Monday 22 February 2016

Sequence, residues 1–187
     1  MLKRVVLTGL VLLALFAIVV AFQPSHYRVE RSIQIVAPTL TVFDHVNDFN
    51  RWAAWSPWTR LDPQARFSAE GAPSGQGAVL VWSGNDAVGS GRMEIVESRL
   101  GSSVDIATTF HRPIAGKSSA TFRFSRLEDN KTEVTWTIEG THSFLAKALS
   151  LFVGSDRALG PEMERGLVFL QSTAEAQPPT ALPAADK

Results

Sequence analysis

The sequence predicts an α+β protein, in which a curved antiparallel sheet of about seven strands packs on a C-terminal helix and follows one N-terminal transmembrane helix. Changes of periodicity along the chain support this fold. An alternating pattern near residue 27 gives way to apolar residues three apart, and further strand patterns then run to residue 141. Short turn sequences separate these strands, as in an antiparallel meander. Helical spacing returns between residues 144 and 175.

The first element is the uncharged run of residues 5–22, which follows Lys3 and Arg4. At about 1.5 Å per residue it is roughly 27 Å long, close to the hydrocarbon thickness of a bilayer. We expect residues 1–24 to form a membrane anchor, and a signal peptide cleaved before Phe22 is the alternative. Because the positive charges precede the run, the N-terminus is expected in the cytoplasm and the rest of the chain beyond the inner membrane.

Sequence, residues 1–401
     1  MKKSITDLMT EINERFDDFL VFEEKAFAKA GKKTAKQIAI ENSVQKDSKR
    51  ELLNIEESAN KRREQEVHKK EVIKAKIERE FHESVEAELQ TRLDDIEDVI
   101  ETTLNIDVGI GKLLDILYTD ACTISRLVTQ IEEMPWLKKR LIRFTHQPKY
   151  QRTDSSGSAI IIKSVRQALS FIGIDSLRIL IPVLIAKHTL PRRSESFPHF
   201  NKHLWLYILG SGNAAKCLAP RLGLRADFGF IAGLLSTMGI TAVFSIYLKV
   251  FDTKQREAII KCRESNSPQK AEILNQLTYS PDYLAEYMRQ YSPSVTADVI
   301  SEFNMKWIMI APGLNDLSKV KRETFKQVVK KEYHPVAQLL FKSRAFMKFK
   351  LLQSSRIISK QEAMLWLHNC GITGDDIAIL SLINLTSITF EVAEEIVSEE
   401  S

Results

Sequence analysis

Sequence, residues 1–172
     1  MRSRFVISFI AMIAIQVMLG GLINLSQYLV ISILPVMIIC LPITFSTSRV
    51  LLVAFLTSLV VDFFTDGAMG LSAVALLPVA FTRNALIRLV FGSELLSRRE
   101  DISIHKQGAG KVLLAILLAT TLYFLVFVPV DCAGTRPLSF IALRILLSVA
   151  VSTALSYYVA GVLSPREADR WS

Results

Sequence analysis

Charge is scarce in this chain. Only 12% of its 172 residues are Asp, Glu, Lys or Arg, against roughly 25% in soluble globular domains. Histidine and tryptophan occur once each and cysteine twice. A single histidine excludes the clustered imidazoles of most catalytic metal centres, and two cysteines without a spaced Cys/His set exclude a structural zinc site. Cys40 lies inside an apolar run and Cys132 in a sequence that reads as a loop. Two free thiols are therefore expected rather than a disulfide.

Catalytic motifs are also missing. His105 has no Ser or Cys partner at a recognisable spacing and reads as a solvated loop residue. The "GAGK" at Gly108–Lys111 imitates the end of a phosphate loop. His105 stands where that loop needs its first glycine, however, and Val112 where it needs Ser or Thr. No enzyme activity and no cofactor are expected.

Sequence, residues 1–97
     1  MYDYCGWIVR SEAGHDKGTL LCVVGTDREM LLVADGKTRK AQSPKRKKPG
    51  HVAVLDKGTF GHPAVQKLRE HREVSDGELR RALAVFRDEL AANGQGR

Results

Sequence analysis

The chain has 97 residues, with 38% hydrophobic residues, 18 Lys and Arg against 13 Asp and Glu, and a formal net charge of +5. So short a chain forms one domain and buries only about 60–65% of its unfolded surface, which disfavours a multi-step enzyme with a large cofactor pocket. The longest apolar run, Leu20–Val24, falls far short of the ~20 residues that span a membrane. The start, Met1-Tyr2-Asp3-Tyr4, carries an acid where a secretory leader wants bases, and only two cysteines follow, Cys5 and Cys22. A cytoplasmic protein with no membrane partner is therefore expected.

He was born in Malin (Malyn), Kiev region.  He was the son of Yoysef-Moyshe and Tsipe, both of whom hailed from celebrated pedigrees—the Besht (Baal Shem Tov), R. Nakhman Braslaver, R. Nokhum of Chernobyl, and the victims of Slavuta.  At age three he lost his father and was raised thereafter by his mother’s father, R. Gedalye.  Later, his grandfather, R. Borekh Horodetski, took over his education.  In 1892 he settled in Berdichev, working there as a treasurer in an office run by his aunt, Feyge Magazanik, and there as well wrote his first religious text Pealim letora (Deed for the Torah) (Odessa, 1893).  While in Berdichev, he also studied on his own, reading modern Hebrew literature and speculative texts.  He was also active in the Zionist movement, helped to found the “cheder metukan” (improved religious elementary school) in Berdichev, and served as a delegate to the Zionist Congress in 1908.  Under the influence of Isaac Hirsch Weiss’s (Ayzik Hirsh Vays) Dor dor vedorshav (Each generation and its scholars), he began studying rabbinical literature and wrote his first works in the field: Shem mishmuel (a biography of Maharsha) (Drohobych, 1895), 39 pp.; and Kerem shelomo (a biography of Maharshal) (Drohobych, 1896), 40 pp.  The success of his writings encouraged him to start a journal which was to serve as the organ for the scholarly study of Judaism.  In 1897 he brought out the first issue of Hagoren (The threshing floor)—continuing until issue 10 in 1928)—to which numerous writers and scholars contributed and in which he published the majority of his own treatises on Hassidism and his monographs on rabbinical personalities.  Over the course of his life, he published monographs, articles, travel letters, current events pieces, and reviews in: Hashiloa (The shiloah), Tsiyon (Zion), Talpiyot (Fortresses), Luaḥ aḥiasef (Ahiasef calendar), Hatsfira (The siren), Hamelits (The advocate), Hatsofe (The spectator), Haolam (The world), Hatekufa (The epoch), Heatid (The future), Devir (Sanctuary), Netivot (Pathways), Kneset (Gathering), Moznaim (Scales), Hapoel hatsair (The young worker), Gilyonot (Tablets), Hadoar (The post), Sefer hashana leyehudi amerika (Yearbook for American Jewry), and more.  In 1907 he left Russia to pursue his studies at the Universities of Zurich, Bern, and Berlin, and in 1912 he received his doctoral degree.  He spent the years 1912-1939 in Berlin, and in 1939 made aliya to Israel.